Library Sees Usage Up During Economic Downturn
Like libraries around the nation, the Contra Costa County Library has seen a significant increase in the number of people taking advantage of free access to books, CDs and DVDs, the Internet, and job search assistance. Attendance at library programs like small business workshops, book clubs, special performances and children’s programs is at an all-time high. Library circulation reports show an overall increase of nearly 10% in the number of library books, DVDs, CDs and videos checked out over the past year. The circulation statistics at some of the county’s twenty-five community libraries have realized even greater increases of between 10-15%.
The San Pablo Library is one of the libraries that has witnessed tremendous growth over the past year. Due in part to the addition of Sunday hours beginning in September of 2008, Community Library Manager Heidi Dolamore notes that the San Pablo Library saw a 15% increase in the circulation of library materials from January, 2008 to January, 2009. Dolamore said of library usage patterns, “More residents are coming to the library as a free source of information and entertainment, with some of the most popular collections focusing on activities such as cooking and crafts. Our Spanish language computer classes are incredibly popular, and we’re getting more and more requests for materials on how to start and run your own business.”
Seng Lovan, Danville Library’s Senior Community Library Manager, can attest to the increase in job search assistance. “During the past few months, the computer docents – volunteers who provide 2 to 4 hours of assistance each week to help people with their computer needs – have been swamped!” said Lovan. Danville Library volunteer Duane Gates reports that many people are coming in to ask for help with starting an online job search or completing an online application. Gates said, “I have had numerous people sign up for an appointment to learn Excel because many positions now require some knowledge of the program. Others are looking for assistance in how to join professional social networking sites such as LinkedIn or how to submit resumes online.”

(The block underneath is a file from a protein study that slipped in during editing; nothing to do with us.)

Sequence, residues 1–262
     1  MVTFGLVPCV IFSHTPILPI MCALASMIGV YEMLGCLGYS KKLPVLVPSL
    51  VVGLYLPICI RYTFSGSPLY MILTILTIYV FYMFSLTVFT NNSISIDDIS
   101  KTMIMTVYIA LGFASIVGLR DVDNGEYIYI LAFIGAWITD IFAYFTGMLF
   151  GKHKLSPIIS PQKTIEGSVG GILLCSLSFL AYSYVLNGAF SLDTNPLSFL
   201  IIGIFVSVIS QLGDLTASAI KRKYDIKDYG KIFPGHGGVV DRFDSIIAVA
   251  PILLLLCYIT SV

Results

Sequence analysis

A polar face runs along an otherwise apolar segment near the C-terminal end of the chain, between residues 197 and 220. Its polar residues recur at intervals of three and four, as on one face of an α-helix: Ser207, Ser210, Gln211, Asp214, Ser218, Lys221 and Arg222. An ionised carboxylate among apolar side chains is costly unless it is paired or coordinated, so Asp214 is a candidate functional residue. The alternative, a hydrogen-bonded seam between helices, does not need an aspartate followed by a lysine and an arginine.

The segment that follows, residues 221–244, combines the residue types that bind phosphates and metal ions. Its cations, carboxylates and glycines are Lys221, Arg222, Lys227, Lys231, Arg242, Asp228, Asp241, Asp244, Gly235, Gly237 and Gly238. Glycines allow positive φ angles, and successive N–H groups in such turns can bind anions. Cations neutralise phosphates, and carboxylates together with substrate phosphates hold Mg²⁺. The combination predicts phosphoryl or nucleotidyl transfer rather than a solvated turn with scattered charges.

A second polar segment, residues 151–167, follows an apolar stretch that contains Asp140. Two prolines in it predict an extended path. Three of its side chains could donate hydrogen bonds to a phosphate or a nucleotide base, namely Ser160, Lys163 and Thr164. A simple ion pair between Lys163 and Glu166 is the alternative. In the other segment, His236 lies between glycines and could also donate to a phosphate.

Library Business Specialist Valerie Zito has also noticed a surge in the number of people attending the Library’s small business workshops. “When layoffs increase, an option many people consider is starting their own business. They, along with existing business owners, attend the small business workshops sponsored by the Library and the Contra Costa Small Business Development Center,” said Zito. The Library’s Business Subject Guide Web pages, curated by Zito, are a popular destination, with over 1,400 “visitors” in January. Also seeing heavy usage is the Library’s Job Seeking Subject Guide, with more than 1,300 “visitors” this year.
Kathy Middleton, Acting Community Library Manager for the Antioch Library, echoes the trends seen at other community libraries. Middleton said, “We are seeing an increase in visitors and more people are asking for job-related assistance such as help with creating a free e-mail account, filling out online job applications, and creating and printing job resumés. Many of the questions we are getting are about job-related resources, such as how to start small businesses. We are also seeing an increased interest in college education and technical school materials.”
American Library Association (ALA) President Jim Rettig said, “During tough economic times, people turn to libraries for their incredible array of free resources, from computers to books, DVDs and CDs, for help with job hunt or health information. The average annual cost to the taxpayer for access to this wide range of resources is about $31, the cost of one hardcover book. In good times or bad, libraries are a great value!”
For more information about the programs mentioned above and other Contra Costa County Library programs and services, go to www.ccclib.org or contact your local community library.